<img height="1" width="1" style="display:none" src="https://www.facebook.com/tr?id=192888919167017&amp;ev=PageView&amp;noscript=1">
Tuesday,  June 25 , 2024

Linkedin Pinterest
News / Clark County News

Biden approves disaster declaration for Washington after January storms

Clark County among entities eligible for aid

By Amanda Zhou, The Seattle Times
Published: April 29, 2024, 5:29pm

President Joe Biden approved a federal disaster declaration on Sunday for several Washington counties following the January winter storms that caused widespread flooding, landslides, downed trees and power outages that affected over 100,000 people.

Washington declared a state of emergency for the 16 counties in mid-March, saying the storms caused more than $30 million in damage. In King County, the storms damaged schools, wastewater treatment centers and Swedish Health Services facilities. Wind-fueled waves and coastal debris also damaged over 6,500 feet of the popular Olympic Discovery Trail in Clallam County and washed away a 30-foot wooden pedestrian bridge in Deception Pass State Park.

The city of Port Angeles activated its emergency operations center on Jan. 8 as extreme cold set in, threatening vulnerable populations. A boil order was issued after a series of frozen pipes burst and major water lines broke.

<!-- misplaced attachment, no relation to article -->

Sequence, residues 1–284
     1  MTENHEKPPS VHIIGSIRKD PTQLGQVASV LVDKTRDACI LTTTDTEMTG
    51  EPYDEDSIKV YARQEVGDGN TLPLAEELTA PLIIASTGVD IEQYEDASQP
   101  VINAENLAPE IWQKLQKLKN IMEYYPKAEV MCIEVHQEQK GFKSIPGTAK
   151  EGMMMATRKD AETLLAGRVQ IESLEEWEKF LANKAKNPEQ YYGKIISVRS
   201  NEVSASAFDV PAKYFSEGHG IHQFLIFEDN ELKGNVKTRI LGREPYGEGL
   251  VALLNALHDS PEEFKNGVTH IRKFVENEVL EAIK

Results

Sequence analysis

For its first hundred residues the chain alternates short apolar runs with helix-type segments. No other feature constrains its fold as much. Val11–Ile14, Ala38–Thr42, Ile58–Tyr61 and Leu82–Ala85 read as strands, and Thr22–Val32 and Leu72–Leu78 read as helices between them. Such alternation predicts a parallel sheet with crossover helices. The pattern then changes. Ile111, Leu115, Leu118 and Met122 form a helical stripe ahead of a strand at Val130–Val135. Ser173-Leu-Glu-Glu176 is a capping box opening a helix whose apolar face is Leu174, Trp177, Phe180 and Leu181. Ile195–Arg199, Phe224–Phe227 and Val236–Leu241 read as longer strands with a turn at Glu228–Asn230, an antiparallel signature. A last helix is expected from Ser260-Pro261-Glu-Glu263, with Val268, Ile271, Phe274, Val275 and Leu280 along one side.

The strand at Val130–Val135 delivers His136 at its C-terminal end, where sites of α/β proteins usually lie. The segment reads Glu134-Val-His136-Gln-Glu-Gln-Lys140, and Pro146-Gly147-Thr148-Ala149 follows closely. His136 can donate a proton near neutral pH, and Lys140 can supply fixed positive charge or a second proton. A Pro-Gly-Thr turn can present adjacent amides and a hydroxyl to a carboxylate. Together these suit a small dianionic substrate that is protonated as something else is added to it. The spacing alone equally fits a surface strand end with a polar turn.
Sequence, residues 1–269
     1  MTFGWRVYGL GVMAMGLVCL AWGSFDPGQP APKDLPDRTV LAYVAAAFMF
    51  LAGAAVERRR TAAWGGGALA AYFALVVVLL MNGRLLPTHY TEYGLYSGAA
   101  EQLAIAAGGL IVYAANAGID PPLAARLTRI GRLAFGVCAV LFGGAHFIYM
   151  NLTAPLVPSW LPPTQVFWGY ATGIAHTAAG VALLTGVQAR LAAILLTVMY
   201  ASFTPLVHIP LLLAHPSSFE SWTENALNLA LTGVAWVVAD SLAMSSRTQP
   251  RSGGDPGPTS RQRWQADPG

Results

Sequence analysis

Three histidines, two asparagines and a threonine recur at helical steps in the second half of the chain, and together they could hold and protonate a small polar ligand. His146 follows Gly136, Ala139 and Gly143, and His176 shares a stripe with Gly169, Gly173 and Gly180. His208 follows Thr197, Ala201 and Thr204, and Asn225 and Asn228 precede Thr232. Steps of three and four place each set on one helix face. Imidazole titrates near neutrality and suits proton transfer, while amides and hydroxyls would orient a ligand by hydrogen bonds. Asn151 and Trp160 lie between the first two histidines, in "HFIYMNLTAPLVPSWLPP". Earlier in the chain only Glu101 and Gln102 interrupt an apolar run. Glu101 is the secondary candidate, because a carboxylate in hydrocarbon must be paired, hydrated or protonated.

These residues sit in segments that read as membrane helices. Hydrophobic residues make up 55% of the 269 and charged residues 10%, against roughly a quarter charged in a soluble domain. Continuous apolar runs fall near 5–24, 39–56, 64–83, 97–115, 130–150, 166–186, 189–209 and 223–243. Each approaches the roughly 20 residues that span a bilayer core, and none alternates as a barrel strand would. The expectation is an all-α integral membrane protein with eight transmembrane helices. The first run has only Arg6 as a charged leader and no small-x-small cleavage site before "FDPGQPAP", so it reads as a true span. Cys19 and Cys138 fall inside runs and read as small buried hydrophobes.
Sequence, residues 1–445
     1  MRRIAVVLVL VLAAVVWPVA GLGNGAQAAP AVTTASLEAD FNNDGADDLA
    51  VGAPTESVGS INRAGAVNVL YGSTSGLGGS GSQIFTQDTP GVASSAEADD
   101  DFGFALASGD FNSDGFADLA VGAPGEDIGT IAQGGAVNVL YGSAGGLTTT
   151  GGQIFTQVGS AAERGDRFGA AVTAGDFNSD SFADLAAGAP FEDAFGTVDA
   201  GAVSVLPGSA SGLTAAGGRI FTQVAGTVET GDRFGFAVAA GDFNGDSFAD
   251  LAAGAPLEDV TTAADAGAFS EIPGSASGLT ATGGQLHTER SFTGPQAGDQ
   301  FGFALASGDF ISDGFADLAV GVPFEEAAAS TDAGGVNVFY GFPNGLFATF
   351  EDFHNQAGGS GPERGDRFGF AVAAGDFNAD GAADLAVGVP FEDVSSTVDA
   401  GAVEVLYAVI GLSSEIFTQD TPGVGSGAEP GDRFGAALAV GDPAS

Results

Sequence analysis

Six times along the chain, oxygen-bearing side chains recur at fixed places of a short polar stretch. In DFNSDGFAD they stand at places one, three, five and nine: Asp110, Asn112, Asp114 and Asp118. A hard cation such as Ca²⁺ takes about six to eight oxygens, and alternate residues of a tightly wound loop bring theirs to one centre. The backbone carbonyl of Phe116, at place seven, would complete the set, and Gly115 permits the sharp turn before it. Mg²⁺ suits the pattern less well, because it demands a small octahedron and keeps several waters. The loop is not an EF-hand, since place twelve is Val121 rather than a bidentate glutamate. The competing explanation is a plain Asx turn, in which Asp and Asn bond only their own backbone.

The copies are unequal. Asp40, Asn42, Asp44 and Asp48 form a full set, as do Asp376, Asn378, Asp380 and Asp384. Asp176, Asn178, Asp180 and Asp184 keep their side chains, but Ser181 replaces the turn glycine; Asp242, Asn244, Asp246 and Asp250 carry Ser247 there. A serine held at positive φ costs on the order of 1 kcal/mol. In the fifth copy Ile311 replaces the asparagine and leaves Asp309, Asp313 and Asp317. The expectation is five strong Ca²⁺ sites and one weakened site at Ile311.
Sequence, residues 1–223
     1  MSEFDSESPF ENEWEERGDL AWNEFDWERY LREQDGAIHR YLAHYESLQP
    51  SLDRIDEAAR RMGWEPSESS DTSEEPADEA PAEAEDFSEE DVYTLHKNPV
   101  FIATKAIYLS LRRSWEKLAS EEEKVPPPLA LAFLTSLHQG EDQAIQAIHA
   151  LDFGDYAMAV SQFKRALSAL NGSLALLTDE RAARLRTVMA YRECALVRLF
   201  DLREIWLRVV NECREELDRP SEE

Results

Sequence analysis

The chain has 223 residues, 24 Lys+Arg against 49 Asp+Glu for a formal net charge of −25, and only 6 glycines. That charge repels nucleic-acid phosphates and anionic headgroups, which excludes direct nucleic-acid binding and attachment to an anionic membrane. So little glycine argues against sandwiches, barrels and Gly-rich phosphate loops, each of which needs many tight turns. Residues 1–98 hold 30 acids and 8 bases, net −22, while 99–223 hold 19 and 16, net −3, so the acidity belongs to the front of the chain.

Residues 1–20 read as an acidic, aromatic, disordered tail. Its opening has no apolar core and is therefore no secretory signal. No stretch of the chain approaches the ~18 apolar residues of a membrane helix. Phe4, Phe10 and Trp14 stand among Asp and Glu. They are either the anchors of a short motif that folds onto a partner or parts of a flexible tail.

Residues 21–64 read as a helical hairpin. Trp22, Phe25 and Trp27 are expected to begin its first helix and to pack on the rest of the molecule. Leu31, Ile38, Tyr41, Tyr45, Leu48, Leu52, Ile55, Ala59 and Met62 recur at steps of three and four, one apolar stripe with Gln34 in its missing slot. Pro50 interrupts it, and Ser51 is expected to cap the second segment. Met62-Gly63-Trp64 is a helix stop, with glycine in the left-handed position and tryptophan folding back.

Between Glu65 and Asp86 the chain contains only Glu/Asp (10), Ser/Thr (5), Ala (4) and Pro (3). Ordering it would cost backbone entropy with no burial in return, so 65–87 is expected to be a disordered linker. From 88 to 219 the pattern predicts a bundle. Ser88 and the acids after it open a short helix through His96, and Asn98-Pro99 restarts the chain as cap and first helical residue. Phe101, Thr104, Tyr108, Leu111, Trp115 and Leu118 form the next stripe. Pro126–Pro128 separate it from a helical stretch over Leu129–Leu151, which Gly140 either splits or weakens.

Port Angeles City Engineer Jonathan Boehme said that the disaster funding could allow the city to get reimbursed for the damage from the storm, including nearly $200,000 that went toward restoring the water system.

The disaster declaration could also help the city pay for the $1 million needed to restore the Olympic Discovery Trail, part of which has been closed since the storm, he said.

“We have no funding available to be able to fix that at this time, without some type of FEMA funding,” Boehme said.

Between Jan. 5 and 29, storm systems brought coastal and river flooding, landslides, and windstorms to the region, including Western Washington’s first blizzard warning in over a decade, an ice storm in Southwest Washington, record-cold temperatures and downed trees and utility poles.

The Federal Emergency Management Agency said in a statement Monday that federal disaster assistance is available for the Confederated Tribes of the Colville Reservation and Clallam, Clark, Cowlitz, Ferry, Grays Harbor, Island, Jefferson, King, Klickitat, Lewis, Mason, Okanogan, Pacific, Skagit, Skamania and Wahkiakum counties.

The money is intended to help local government agencies and some nonprofit organizations do recovery work and repair facilities damaged by the storms, but does not provide assistance to families or individuals, said Washington Military Department spokesperson Karina Shagren. Following the disaster declaration, government agencies apply for funds through FEMA.

“The damage caused by these successive storms has been extensive and overwhelming, leaving vital public infrastructure in both urban and rural communities throughout our state in need of significant repairs,” according to a news release from Sen. Patty Murray, D-Wash., who sought the declaration along with Gov. Jay Inslee and other officials.

Since 2018, Washington has grappled with 11 major disaster declarations.